Total antioxidant capacity intake and colorectal cancer risk in the Health Professionals Follow-up Study.

Authors:
Rania A Mekary
Rania A Mekary
MCPHS University
Boston | United States
Kana Wu
Kana Wu
Harvard T.H. Chan School of Public Health
Boston | United States
Edward Giovannucci
Edward Giovannucci
Harvard T.H. Chan School of Public Health
Boston | United States
Laura Sampson
Laura Sampson
Boston University School of Public Health
United States
Charles Fuchs
Charles Fuchs
Dana-Farber Cancer Institute and Harvard Medical School
Boston | United States
Donna Spiegelman
Donna Spiegelman
Harvard T.H. Chan School of Public Health
Boston | United States
Walter C Willett
Walter C Willett
Harvard T.H. Chan School of Public Health
Boston | United States

Cancer Causes Control 2010 Aug;21(8):1315-21

Department of Nutrition, Harvard School of Public Health, 665 Huntington Avenue, Bldg 2, Rm 355A, Boston, MA 02115, USA.

Objective: To examine the association between total antioxidant capacity (TAC) intake and colorectal cancer incidence.

Methods: TAC intake was assessed in 1986 and every 4 years thereafter in the Health Professionals Follow-up Study, a prospective cohort study of 47,339 men. Between 1986 and 2004, 952 colorectal cancer cases were diagnosed. Cox proportional hazards regression models were used to estimate relative risks (RR) and 95% confidence intervals (CI).

Results: Comparing the highest versus lowest quintile, TAC intake from foods only (dietary TAC) was not associated with colorectal (multivariate-RR: 0.98; 95% CI: 0.78, 1.23) or colon (multivariate-RR: 1.20; 95% CI: 0.90, 1.61) cancer risk, but was inversely associated with rectal cancer risk (multivariate-RR: 0.58; 95% CI: 0.35, 0.96). For the same comparison, TAC intake from foods and supplements (total TAC) was not associated with colorectal (multivariate-RR: 0.91; 95% CI: 0.73, 1.14), colon (multivariate-RR: 1.01; 95% CI: 0.77, 1.33), or rectal (multivariate-RR: 0.85; 95% CI: 0.52, 1.38) cancer risk.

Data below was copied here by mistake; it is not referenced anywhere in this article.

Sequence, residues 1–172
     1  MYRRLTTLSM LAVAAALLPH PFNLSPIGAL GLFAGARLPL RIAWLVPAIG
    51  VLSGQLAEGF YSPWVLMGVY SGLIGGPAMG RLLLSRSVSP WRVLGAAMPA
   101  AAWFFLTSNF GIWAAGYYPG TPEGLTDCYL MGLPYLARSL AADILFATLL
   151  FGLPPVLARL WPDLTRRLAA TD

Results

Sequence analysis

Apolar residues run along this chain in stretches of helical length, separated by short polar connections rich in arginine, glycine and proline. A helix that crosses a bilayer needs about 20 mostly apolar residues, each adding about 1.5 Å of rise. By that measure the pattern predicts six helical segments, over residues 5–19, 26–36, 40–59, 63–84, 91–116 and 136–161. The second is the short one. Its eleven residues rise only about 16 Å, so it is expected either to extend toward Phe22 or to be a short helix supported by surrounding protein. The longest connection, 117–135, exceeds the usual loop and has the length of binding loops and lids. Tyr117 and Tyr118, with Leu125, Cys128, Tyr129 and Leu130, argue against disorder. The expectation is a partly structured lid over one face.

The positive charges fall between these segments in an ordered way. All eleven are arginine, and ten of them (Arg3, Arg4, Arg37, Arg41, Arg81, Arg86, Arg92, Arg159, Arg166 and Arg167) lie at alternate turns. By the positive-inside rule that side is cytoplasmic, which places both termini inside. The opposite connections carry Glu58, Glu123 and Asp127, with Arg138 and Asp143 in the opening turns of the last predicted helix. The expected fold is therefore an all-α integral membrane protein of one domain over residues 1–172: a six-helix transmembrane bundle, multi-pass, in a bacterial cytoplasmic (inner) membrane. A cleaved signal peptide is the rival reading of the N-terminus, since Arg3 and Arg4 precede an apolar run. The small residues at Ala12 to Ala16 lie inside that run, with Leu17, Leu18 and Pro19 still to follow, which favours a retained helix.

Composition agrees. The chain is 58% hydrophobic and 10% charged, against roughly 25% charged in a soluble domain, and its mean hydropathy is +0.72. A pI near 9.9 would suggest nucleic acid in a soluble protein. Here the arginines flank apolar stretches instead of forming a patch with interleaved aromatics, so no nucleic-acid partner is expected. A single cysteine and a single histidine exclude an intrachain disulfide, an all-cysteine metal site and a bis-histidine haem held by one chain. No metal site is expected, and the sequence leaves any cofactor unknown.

Conclusions: Dietary and total TAC intakes were not associated with colorectal and colon cancer risk. Dietary, but not total, TAC intake was inversely associated with rectal cancer risk, suggesting antioxidants per se may not be associated with rectal cancer risk.

Download full-text PDF

Source
http://dx.doi.org/10.1007/s10552-010-9559-9DOI Listing
http://www.ncbi.nlm.nih.gov/pmc/articles/PMC3117427PMC

Still can't find the full text of the article?

We can help you send a request to the authors directly.
August 2010
32 Reads
6 Citations
2.735 Impact Factor

Publication Analysis

Top Keywords

cancer risk
24
tac intake
20
total tac
12
colorectal cancer
12
rectal cancer
12
associated rectal
12
associated colorectal
12
cancer
9
professionals follow-up
8
follow-up study
8
dietary total
8
inversely associated
8
tac
8
intake foods
8
tac associated
8
colon multivariate-rr
8
health professionals
8
intake colorectal
8
antioxidant capacity
8
colorectal multivariate-rr
8

References

(Supplied by CrossRef)
Article in Am J Clin Nutr
JH Weisburger et al.
Am J Clin Nutr 1991

International Agency for Research on Cancer et al.
2005

World Cancer Research Fund et al.
2007
Article in Eur J Clin Nutr
M Serafini et al.
Eur J Clin Nutr 1996
Article in Mutat Res
OI Aruoma et al.
Mutat Res 2003
Article in J Nutr
N Pellegrini et al.
J Nutr 2003
Article in Anal Biochem
IF Benzie et al.
Anal Biochem 1996
Article in J Nutr
BL Halvorsen et al.
J Nutr 2002
Article in Am J Epidemiol
EB Rimm et al.
Am J Epidemiol 1992
Article in J Am Diet Assoc
D Feskanich et al.
J Am Diet Assoc 1993
Article in Curr Opin Lipidol
R Blomhoff et al.
Curr Opin Lipidol 2005

Similar Publications